We parted and went our separate ways.
The next day, after Jim left for work and I’d put Billy on the school bus, I decided to go back into the woods to find the patch of daffodils. I wanted to know if the meeting with Michael actually happened or if it really had been nothing more than a vivid dream.
After walking for what seemed like forever, I spotted a hint of yellow poking out of the shadows and headed for it. The flowers were there. So was Michael.
“Did you camp out?” I asked, a half dozen emotions skittering through me at once. Surprise. Excitement. Elation. Not to mention foreboding, worry, and a hint of fear.
Michael just smiled. “I was hoping you’d come back. I have more food.” He jiggled his backpack, the way you might wiggle a bone at a dog, trying to tempt me. It seemed odd, yet compulsively seductive at the same time. I stayed with him until I had to leave to get Billy off the bus.
Everyday for the next week was the same. Once I was alone, I’d walk to the woods to meet Michael, always devilishly handsome, and always waiting for me with his pack filled with culinary delicacies.
The following Saturday, Billy went to a birthday party, which left Jim and me on our own. I don’t know what came over me, but I wanted to tell him about the daffodils blooming in the wood. It was just too amazing a thing not to share. I didn’t think what might happen if Michael was there, but I suppose some part of me thought the miracle of the flowers would be enough of a distraction.
It took some convincing, but I managed to get Jim to come with me. By this time, I could find the place without hunting for it, and was tugging Jim’s arm to hurry him along. When the yellow of the daffodils came into view, I ran ahead until I stood in their center, and with my face lifted joyfully toward the sky, began spinning like a top.
“What the hell are you doing, Eva?”
Jim’s voice sounded so irritated, I stopped immediately and looked at him. His lips puckered like he’d eaten a lemon, and there were deep creases in his forehead. For a moment I thought Michael might have been there and that was why Jim looked so pissy, but there was no one there except us.
“I’m dancing in the flowers, of course. Aren’t they just amazing?”
“What flowers? You’re standing in a patch of dead leaves.”
It was my turn to look irritated.
“Dead leaves?” I picked a daffodil and waved it under his nose. “Does this look like a dead leaf to you?”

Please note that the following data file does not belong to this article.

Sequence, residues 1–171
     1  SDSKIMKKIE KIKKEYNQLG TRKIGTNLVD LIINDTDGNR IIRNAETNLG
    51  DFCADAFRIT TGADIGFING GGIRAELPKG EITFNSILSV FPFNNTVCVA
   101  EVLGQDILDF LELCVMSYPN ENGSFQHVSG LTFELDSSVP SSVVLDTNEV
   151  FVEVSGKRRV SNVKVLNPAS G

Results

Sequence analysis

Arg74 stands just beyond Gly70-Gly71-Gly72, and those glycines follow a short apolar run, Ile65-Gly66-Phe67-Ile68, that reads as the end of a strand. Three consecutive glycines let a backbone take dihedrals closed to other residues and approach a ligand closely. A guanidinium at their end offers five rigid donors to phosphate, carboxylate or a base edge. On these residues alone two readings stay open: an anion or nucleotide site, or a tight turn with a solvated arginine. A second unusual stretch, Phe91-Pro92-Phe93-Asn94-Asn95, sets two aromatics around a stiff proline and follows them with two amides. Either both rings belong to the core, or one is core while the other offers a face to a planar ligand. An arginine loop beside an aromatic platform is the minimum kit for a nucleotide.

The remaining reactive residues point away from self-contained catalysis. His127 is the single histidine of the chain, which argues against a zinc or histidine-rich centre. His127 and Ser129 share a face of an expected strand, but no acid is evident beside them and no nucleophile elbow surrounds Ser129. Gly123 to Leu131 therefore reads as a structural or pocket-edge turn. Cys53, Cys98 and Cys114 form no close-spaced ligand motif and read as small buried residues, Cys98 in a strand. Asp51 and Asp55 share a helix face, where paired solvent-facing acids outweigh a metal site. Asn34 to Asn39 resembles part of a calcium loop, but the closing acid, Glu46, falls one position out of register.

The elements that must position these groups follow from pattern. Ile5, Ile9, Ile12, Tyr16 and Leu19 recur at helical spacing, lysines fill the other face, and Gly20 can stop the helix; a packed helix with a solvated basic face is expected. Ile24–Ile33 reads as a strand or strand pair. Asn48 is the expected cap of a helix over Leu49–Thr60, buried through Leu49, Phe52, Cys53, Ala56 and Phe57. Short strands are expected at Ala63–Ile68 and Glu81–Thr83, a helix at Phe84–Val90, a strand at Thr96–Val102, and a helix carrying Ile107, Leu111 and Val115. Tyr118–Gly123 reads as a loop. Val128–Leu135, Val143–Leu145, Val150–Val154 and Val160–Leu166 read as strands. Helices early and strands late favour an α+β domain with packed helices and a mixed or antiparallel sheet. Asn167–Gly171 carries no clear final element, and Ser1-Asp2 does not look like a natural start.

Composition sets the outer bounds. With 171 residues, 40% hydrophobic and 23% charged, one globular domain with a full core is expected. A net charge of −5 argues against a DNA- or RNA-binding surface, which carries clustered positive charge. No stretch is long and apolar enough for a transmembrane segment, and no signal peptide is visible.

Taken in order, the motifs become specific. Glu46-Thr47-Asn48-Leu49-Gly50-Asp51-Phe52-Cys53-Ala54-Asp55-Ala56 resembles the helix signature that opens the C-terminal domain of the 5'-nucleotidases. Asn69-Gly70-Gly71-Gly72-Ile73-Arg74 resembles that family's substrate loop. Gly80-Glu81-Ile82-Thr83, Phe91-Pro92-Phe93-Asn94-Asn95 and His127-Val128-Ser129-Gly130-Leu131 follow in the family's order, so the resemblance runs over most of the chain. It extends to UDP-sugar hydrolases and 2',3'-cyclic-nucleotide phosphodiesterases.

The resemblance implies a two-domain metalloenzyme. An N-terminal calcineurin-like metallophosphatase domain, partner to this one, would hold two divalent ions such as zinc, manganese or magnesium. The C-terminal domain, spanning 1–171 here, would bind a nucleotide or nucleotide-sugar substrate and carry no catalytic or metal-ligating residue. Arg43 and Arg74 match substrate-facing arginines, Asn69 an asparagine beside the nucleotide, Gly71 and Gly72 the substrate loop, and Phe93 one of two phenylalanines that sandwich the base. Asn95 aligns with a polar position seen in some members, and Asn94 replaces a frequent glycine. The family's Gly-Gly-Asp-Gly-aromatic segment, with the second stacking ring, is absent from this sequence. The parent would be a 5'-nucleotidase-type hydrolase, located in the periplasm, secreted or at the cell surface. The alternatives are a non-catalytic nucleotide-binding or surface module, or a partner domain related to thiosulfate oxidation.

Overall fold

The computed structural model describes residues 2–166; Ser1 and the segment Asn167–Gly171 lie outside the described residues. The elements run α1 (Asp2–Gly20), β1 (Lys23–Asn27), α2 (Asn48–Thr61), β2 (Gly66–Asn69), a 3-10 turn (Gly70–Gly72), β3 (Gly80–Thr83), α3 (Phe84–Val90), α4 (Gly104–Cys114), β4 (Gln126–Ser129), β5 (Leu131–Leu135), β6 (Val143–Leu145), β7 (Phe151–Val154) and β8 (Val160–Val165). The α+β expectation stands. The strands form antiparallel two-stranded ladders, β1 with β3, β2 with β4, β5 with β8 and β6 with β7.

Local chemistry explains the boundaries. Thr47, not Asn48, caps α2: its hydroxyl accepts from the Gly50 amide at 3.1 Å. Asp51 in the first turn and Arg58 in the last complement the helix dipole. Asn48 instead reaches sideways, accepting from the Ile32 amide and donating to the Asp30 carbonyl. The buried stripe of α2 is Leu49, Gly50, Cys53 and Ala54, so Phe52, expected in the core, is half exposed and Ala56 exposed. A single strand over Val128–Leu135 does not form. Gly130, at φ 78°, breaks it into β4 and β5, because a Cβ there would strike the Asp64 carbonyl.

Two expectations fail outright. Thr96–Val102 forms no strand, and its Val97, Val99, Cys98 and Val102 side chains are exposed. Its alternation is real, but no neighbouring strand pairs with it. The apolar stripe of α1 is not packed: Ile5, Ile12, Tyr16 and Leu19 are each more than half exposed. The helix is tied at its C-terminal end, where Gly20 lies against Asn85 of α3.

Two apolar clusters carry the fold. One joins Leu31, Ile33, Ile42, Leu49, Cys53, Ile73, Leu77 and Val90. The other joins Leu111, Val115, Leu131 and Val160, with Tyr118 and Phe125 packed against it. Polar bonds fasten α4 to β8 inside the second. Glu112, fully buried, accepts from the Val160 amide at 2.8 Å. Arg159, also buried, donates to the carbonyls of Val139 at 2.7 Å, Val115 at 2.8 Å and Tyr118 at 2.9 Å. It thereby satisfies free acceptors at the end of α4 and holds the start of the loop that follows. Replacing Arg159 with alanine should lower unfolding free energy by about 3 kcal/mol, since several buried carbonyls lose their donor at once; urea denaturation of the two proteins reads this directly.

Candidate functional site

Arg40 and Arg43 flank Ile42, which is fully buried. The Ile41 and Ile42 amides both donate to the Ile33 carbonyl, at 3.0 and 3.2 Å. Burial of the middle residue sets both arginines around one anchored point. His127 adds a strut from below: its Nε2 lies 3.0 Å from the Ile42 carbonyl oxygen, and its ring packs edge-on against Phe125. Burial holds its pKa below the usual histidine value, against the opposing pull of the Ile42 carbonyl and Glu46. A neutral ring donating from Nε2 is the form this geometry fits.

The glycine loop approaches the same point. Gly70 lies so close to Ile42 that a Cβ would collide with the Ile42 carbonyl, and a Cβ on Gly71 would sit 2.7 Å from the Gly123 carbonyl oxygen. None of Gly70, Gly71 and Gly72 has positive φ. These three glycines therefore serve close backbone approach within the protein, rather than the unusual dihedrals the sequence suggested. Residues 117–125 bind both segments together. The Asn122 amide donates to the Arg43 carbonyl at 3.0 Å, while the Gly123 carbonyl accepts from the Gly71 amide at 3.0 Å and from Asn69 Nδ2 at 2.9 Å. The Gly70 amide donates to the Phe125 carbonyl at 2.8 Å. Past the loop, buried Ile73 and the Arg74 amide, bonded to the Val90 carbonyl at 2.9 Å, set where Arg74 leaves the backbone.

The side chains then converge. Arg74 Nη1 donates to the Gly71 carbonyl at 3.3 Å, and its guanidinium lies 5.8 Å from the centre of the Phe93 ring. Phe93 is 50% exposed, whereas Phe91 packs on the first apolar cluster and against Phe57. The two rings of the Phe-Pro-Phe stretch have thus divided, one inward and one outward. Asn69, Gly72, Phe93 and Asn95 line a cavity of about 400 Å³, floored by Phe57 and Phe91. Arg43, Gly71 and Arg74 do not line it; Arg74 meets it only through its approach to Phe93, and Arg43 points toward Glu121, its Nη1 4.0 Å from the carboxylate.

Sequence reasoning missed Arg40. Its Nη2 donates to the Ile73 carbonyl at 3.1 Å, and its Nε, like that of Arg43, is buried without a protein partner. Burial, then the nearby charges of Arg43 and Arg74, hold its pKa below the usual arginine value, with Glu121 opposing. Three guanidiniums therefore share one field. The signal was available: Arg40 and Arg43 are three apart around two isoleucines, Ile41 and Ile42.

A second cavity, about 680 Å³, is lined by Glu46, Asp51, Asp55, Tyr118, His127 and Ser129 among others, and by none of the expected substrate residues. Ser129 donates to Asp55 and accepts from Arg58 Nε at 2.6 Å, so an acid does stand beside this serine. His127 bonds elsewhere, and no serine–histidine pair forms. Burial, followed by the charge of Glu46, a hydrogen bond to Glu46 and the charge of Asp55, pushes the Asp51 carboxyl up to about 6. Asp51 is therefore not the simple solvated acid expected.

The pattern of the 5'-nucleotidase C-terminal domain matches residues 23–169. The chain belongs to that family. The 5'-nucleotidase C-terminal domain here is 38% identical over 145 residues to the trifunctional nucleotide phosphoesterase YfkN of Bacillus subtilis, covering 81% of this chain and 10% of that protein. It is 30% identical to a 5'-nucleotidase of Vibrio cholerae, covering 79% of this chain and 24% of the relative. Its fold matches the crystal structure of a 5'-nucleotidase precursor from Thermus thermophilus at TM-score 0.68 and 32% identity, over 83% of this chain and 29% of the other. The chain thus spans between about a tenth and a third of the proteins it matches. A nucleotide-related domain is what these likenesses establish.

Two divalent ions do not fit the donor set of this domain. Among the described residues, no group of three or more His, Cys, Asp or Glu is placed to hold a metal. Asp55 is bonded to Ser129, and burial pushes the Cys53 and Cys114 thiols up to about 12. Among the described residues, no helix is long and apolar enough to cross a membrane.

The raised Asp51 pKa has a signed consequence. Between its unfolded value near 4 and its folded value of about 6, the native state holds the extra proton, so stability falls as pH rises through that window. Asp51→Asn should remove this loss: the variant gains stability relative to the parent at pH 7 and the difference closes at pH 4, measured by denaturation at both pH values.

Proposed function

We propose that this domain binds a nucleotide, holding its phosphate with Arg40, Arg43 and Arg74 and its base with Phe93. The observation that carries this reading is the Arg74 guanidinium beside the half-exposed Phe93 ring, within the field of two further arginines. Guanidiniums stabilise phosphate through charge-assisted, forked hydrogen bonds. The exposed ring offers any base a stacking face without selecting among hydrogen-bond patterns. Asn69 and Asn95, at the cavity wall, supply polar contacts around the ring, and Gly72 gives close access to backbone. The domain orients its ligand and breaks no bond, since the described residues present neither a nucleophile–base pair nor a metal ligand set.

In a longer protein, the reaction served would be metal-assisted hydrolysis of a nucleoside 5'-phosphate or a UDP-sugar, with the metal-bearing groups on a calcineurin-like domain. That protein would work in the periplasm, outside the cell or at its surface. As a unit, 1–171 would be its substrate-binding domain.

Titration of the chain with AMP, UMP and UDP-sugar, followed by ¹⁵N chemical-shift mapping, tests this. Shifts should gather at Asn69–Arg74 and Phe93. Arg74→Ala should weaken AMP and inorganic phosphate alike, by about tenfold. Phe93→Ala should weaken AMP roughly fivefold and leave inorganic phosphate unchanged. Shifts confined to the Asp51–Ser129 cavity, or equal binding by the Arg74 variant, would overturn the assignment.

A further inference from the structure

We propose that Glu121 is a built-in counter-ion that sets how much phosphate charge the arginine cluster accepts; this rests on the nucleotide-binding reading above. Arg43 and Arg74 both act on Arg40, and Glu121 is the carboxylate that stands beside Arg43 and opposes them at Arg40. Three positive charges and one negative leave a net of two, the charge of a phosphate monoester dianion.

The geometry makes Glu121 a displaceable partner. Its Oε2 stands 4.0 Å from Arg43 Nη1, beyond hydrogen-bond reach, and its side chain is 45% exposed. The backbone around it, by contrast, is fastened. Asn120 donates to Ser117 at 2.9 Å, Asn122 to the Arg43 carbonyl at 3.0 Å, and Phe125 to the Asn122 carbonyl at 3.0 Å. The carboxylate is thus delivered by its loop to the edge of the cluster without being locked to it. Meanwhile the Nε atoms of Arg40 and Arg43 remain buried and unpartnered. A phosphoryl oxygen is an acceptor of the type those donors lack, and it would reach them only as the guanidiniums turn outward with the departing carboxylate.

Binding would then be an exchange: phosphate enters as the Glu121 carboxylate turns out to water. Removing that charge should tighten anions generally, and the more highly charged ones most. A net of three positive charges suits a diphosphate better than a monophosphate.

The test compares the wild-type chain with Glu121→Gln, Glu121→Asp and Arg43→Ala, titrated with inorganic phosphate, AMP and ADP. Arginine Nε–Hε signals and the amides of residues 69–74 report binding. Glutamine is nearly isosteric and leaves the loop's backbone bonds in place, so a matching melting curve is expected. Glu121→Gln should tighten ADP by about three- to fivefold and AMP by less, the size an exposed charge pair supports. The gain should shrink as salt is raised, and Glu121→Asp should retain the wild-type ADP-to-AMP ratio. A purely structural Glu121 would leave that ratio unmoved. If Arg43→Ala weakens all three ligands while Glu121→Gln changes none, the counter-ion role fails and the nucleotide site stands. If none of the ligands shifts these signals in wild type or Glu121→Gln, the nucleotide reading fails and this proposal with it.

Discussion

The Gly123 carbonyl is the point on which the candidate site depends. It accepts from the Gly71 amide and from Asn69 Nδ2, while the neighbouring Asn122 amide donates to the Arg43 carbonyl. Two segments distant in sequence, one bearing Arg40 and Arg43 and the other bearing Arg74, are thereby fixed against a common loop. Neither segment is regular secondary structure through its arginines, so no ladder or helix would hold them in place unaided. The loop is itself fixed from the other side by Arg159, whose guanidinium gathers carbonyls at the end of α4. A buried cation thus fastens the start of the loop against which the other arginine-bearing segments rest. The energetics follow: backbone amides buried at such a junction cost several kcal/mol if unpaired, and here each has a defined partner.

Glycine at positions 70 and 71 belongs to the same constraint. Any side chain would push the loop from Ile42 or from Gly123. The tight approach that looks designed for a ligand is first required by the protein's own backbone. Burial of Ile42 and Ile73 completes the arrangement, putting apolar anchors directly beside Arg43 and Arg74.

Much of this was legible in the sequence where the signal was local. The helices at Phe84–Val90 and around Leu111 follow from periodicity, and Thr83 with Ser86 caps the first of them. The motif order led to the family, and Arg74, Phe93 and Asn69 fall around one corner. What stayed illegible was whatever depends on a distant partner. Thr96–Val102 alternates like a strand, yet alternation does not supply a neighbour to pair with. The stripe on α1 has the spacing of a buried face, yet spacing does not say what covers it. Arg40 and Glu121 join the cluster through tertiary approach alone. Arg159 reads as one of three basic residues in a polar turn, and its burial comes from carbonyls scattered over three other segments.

“That’s exactly what it looks like–because that’s what it is .”
I didn’t know what to say. It wasn’t like Jim to be contrary for no reason, so why was he acting like this.
“Eva, honey, are you all right?” His voice went all solicitous and he was looking at me as if I’d gone crazy.
“I’m fine,” I shouted. “Just fine. Let’s forget the whole thing.” Then I turned and stomped off ahead of him toward the house.
Jim wanted to talk when we got home, but let him know I wasn’t speaking to him, so he skulked off to the den to watch TV. We didn’t speak to each other for the rest of the weekend.
On Monday, I went back to the place in the woods. Michael was waiting for me.
“I brought Jim to see the flowers,” I said, without preamble.
“He denied they were there. Told me I was seeing things!”
“I told you not to tell him,” Michael said.
I hated hearing I-told-you-so from him, so I went on the offensive. “If you’d been here, you could’ve backed me up.”
He shrugged. “Perhaps.” An odd expression came over his face, a cross between impatience and seduction. “Maybe we shouldn’t meet here anymore.” He leaned close, his green eyes mesmerizing, as he slowly ran a finger along my cheek and over my bottom lip.
“You are so pretty,” he said. “So very, very pretty.”
Then he kissed me. Instantly, we were swallowed up in the heat of it. If I’d ever been kissed like that before, I swear I don’t remember it. It was white-hot and I burned everywhere he touched me. It was incredible. I still don’t know how I got home afterward. I walked around in a dream.
I met Michael in the woods everyday. I couldn’t help myself. We made love in the flowers for hours. I should’ve realized something was wrong when the flowers always seemed to spring back to life, but I didn’t. An army could’ve marched across the stream and I wouldn’t have noticed. Michael held all my attention.
One evening after dinner, Jim said we had to talk. He sent Billy to spend the night at his friend’s house so we’d be alone. That’s when he told me he thought I needed to see a doctor.
When I asked him why, he said he was worried about me. My boss had called him that morning to say he was sorry I was sick, but he needed to hire someone to take my place. Jim didn’t know I hadn’t been to work in three weeks, but said nothing to my boss.
He decided to come home early and find out what was going on. When I wasn’t in the house, he headed back to the woods.
“I saw you, Eva. You were naked in the leaves, rolling around and thrusting like you where having sex with somebody who wasn’t there. You scared the shit out of me. I didn’t know what to do, so I left you there and came home.”
I didn’t know what to say. Jim wasn’t lying; I could see that in his face. He hadn’t seen the flowers and he hadn’t seen Michael.
But I had. Every one of the five senses had been at work while I was with Michael. I had no explanation for what was happening.
So that’s why I’m in this locked room. Michael still visits me everyday and brings flowers. We wait until they turn out the lights to make love. They still can’t see him, but I can. His green eyes glow in the dark.